While there is a concept of community in the home’s overall design, its master bedrooms are “designed like suites,” Imrey explains. “Everyone spends time together in one big area, but if they need to break away, they can.”

The house is also designed to allow for each family member’s ease of daily routine.

The shared spaces, such as the kitchen, are open and casual, while the bedroom suites are designed for maximum privacy.
David Welch

“For example, we have two outdoor showers, two washers and dryers, two main kitchen sinks, and two dishwashers. This means everyone can always get their stuff done, and not fret if someone else did not empty the dishwasher or is taking a shower.”

Imrey adds that the design places one kitchen sink “overlooking the driveway, so you can see people as they arrive,” while the second “looks out onto the ocean and seas.”

Each room also features what Imrey calls “a singular design strength.” Which is to say, “each space has something special about it….No space is ‘just a space.’”

To give each room its own identity, she often works with its intrinsic structural features.

“For example, on the second floor we have a roof, and we needed to have mechanical spaces in that roof. So some of the second floor bedrooms have a flat ceiling and some have a vaulted ceiling, and the way the vaulted ceiling works is different in every room.”

“The main master bedroom is very symmetrical, so the ceiling pitch comes from three different angles and has a flat center,” Imrey continues. “Meanwhile, the kids’ rooms have
an angular, asymmetrical expression because they’re secondary rooms, but they’re very dramatic because of the high ceilings.”

Another important design consideration was the land’s natural topography and how to connect the new home to its surrounding environment.

The view from the outdoor shower is to the southeast, from the narrows of Edgartown harbor over Katama Bay.
David Welch

“There were several factors that contributed to the design, and the first had to do with the historic location of the original house at the end of the bluff,” Imrey explains. “This land turns southeast and faces toward the ocean, so it was important to build a house that focused its orientation toward the view.”

Next was to connect the design to the existing boathouse, which Imrey describes as “a very simple, stately building.”

The outcome reflects her family’s desire “to live in nature, and to connect the house to the land and its history.” It resulted in a “long building that stretches out along the natural curve of the land” and features what Imrey describes as “a gentle connection” to its neighboring dock.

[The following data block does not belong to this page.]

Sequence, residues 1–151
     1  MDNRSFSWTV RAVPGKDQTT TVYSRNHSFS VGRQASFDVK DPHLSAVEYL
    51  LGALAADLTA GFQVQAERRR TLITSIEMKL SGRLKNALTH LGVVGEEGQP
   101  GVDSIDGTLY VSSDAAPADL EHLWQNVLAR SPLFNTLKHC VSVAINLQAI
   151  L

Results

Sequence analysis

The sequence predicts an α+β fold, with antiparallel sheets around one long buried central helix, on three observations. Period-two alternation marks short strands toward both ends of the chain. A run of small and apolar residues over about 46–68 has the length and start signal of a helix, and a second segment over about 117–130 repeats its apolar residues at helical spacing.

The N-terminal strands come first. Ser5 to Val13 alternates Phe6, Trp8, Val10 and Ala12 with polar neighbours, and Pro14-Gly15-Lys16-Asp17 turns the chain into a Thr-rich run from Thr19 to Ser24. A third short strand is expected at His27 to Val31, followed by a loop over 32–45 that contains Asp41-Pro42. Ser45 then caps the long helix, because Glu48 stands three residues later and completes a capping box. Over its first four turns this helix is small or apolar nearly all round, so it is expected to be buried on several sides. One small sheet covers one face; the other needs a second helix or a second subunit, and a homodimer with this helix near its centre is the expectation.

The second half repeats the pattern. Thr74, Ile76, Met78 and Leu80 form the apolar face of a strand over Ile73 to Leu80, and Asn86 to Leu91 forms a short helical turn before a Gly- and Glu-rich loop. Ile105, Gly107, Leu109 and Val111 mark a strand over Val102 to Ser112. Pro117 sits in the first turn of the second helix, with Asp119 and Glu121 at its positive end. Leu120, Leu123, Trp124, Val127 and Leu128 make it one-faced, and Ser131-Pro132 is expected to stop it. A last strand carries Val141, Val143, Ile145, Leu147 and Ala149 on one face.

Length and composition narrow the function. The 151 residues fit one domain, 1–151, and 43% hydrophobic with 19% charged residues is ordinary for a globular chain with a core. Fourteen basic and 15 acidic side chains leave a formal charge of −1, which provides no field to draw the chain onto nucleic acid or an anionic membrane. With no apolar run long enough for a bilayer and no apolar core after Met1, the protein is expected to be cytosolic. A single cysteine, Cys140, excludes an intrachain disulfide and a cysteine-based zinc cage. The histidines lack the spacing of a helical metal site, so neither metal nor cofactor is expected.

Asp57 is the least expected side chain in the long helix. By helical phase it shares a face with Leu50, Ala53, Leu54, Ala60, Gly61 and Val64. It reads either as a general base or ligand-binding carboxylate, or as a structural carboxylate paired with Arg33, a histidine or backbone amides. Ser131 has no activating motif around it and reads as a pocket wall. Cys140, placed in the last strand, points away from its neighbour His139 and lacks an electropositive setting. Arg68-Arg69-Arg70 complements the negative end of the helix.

“There’s an upper level trim detail that is reminiscent of a tide line, or a rope that ties a boat to a dock,” Imrey explains. “It wraps around the second story and releases from the house to form the handrail.”

The boathouse’s hip roof and shingle exterior are also reflected in the building’s design, and the sage green window trim was chosen to further blend the home with its natural surroundings. Inside, the wide-plank pickled oak floors “resemble driftwood in many ways,” Imrey says, continuing the oceanic theme.

“Like good shoes make an outfit, a good floor makes a house,” Imrey says of the special attention she gives to this detail. “If you have a really beautiful floor, it sets the tone for everything else.”

On a larger scale, Imrey says the home’s communal design reflects the spirit of Martha’s Vineyard itself.

“One of the things that makes the Vineyard so unique is our sense of community,” she says. “I consider it integral, because the connection between the land and being together as a family is everything the Vineyard offers in its best state.” 

Comments (3)

Paul French
Toronto ON Canada
This wonderful article makes me want to visit this house and hire Celia Imrey to design my next living space. I love how every every bedroom can see the ocean two decades I had a five bedroom house in Newfoundland with a view of the ocean, but it didn't capture the view the way this house does. Thank you, Monica Jensen for telling this story.
March 20, 2015 - 3:36pm
John Chirgwin
Bsngkok & Edgartown
What a beautiful house, by such a gifted architect! It was my good fortune, to be conducted on a personal tour by Celia. and was dazzled by her accomplishment.
May 8, 2015 - 8:06am
Frank M. Markwica
Martha's Vineyard
I find Celia's work to be very refreshing, creative, well balanced, and with a keen sense of light moving though the house. Celia is concerned about a clients budget so building a custom "Dream House" on Martha's Vineyard is certainly in-reach for those who may have settled for an older house in need of renovations. Being in the real estate business here for nearly 20 years, I've seen a lot custom homes and I feel Celia fills the critical need between high priced architects and well versed contractors. I look forward to working with her in the future.
June 15, 2015 - 11:09am